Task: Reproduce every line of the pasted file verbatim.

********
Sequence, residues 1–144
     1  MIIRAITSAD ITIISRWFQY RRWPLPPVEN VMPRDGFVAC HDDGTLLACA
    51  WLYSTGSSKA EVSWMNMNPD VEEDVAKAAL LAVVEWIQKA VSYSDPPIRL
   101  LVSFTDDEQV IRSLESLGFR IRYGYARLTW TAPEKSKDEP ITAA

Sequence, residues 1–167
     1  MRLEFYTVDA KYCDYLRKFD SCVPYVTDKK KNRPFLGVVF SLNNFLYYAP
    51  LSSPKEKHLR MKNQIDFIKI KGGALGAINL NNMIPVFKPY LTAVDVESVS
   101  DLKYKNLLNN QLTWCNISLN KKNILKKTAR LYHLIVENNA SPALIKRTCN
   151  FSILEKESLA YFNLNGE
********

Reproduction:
Sequence, residues 1–144
     1  MIIRAITSAD ITIISRWFQY RRWPLPPVEN VMPRDGFVAC HDDGTLLACA
    51  WLYSTGSSKA EVSWMNMNPD VEEDVAKAAL LAVVEWIQKA VSYSDPPIRL
   101  LVSFTDDEQV IRSLESLGFR IRYGYARLTW TAPEKSKDEP ITAA

Sequence, residues 1–167
     1  MRLEFYTVDA KYCDYLRKFD SCVPYVTDKK KNRPFLGVVF SLNNFLYYAP
    51  LSSPKEKHLR MKNQIDFIKI KGGALGAINL NNMIPVFKPY LTAVDVESVS
   101  DLKYKNLLNN QLTWCNISLN KKNILKKTAR LYHLIVENNA SPALIKRTCN
   151  FSILEKESLA YFNLNGE